Does enrollment setting influence patient attributes and outcomes in RTOG prostate cancer trials?


Journal Article

4607 Background: The external validity of randomized trials (generalizability) has been called into question following the finding that patients treated on clinical trials vary substantially from patients treated in the usual care setting. The purpose of this secondary analysis is to examine whether results of prostate randomized trials within the RTOG differ according to enrollment setting. METHODS: 4,154 patients accrued into one of 4 RTOG trials between 1987-1999 were included in this analysis. There were 224 North American institutions enrolling in one or more trials. Patient attributes were compared by enrollment settings, controlling for trial. Survival regression models stratified by trial and including patient attributes were used to evaluate survival differences by enrollment setting. RESULTS: Academic institutions enrolled 36% of patients; community centers enrolled 49%; CCOPs enrolled 14%, and VHAs enrolled 2%. With respect to patient attributes, men from Academic and VHA centers tended to have better performance status, black men were less frequently enrolled from non-CCOP community institutions, and Gleason scores tended to be higher in men from CCOPs. Age at diagnosis did not differ materially by enrollment setting. Adjusted for patient attributes, survival by enrollment setting did not differ significantly (Table). CONCLUSIONS: Attributes of prostate cancer patients enrolled in these RTOG trials Phase III differed modestly according to enrollment site type. Accounting for these differences, overall survival did not depend on the type of institution from which patients were enrolled. These findings support the external validity of RTOG prostate trials.This project was supported by RTOG grant U10 CA21661, and CCOP grant U10 CA37422 from the National Cancer Institute (NCI). [Table: see text].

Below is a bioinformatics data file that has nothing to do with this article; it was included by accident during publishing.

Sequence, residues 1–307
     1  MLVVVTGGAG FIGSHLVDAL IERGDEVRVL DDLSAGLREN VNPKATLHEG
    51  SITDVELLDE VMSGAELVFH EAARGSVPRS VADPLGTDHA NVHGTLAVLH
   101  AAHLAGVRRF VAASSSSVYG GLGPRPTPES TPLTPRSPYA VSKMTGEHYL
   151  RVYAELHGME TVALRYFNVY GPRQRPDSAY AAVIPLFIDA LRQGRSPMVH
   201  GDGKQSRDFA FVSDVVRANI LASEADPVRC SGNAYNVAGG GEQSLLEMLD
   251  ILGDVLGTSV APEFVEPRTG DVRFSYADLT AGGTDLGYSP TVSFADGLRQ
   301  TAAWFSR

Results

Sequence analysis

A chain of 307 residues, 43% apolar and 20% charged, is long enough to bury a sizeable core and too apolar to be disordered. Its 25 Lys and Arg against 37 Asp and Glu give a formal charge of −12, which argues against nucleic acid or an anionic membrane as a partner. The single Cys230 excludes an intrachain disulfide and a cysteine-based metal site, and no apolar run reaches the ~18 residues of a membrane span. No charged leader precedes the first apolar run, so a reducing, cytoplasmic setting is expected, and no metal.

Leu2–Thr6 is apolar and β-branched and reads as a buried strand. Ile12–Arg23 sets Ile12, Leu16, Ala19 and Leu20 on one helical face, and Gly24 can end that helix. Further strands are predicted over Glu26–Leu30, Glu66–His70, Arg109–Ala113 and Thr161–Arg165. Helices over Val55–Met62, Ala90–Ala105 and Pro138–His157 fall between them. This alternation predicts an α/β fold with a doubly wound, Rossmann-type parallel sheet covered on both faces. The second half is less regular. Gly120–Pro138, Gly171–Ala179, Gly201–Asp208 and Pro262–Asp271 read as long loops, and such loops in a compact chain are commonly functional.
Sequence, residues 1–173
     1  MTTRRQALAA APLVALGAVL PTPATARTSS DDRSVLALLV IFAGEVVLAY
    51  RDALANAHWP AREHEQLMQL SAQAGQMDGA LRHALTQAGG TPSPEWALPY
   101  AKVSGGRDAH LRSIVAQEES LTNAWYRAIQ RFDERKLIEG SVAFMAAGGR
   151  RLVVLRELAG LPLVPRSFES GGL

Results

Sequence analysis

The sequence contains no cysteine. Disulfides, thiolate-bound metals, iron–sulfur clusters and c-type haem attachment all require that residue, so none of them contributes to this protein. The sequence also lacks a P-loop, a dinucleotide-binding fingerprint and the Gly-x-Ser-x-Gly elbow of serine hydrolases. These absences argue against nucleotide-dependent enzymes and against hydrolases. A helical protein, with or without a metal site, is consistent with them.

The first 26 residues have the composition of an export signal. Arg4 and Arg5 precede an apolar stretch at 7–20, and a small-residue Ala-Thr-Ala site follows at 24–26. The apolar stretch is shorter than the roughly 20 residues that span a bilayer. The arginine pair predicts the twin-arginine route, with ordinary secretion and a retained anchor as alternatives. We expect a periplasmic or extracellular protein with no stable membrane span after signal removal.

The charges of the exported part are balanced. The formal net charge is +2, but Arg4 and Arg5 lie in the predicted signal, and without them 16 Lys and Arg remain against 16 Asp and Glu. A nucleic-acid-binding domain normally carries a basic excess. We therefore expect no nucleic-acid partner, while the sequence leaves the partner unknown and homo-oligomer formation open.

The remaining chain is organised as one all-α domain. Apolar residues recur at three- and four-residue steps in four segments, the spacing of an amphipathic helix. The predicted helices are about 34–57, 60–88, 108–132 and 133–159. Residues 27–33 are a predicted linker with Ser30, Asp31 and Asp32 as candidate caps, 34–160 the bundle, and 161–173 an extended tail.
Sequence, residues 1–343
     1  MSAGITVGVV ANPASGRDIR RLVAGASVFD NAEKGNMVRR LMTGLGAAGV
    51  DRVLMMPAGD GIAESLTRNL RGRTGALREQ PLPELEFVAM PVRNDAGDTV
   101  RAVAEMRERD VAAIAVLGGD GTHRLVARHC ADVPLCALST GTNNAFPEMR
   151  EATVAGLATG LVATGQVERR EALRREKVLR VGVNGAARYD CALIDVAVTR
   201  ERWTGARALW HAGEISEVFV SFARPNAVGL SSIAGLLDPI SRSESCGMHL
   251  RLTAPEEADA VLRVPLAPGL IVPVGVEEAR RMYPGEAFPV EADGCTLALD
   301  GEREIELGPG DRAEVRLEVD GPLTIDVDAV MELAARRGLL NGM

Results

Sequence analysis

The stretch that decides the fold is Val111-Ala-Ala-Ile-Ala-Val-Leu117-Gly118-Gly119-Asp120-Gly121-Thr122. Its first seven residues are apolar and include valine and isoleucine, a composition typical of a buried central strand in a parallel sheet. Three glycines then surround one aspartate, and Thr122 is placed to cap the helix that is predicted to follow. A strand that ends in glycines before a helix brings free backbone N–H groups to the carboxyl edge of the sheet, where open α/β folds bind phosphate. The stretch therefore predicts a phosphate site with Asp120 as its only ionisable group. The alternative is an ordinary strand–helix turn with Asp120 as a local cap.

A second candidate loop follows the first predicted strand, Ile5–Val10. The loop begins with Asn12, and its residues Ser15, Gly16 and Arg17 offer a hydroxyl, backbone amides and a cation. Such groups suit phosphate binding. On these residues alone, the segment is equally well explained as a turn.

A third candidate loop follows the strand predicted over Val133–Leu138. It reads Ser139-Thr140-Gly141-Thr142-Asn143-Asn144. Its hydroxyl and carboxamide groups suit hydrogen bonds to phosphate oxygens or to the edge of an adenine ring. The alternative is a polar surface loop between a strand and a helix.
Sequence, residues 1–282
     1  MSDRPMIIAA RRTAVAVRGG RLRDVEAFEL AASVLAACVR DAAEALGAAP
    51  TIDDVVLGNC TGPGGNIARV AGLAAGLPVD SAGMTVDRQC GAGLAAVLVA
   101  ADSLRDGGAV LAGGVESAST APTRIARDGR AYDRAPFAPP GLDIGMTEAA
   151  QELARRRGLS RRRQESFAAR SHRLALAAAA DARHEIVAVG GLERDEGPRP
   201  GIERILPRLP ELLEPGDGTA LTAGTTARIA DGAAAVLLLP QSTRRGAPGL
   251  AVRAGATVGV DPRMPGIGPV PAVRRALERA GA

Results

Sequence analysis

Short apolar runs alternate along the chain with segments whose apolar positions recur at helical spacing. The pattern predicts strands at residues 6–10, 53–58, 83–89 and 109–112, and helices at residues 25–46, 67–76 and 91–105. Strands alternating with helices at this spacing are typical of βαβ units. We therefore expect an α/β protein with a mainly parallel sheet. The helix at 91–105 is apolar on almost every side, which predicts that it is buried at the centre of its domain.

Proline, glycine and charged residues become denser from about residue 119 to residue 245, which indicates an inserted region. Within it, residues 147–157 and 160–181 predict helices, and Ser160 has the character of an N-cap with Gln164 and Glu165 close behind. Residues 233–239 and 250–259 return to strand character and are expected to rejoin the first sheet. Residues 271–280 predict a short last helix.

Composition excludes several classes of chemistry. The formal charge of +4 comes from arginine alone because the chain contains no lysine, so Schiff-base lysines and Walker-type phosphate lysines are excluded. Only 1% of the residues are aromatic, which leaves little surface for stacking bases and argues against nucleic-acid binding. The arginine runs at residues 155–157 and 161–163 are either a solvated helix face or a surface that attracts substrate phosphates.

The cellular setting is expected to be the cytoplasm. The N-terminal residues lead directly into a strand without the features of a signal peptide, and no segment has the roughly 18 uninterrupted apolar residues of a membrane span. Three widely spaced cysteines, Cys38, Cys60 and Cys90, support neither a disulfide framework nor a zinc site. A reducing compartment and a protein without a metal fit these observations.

Full Text

Duke Authors

Cited Authors

  • Lee, WR; Dignam, J; Bruner, D; Efstathiou, JA; Yan, Y; Hanks, GE; Roach, M; Pilepich, MV; Sandler, HM

Published Date

  • May 20, 2011

Published In

Volume / Issue

  • 29 / 15_suppl

Start / End Page

  • 4607 -

PubMed ID

  • 28024019

Pubmed Central ID

  • 28024019

Electronic International Standard Serial Number (EISSN)

  • 1527-7755


  • eng

Conference Location

  • United States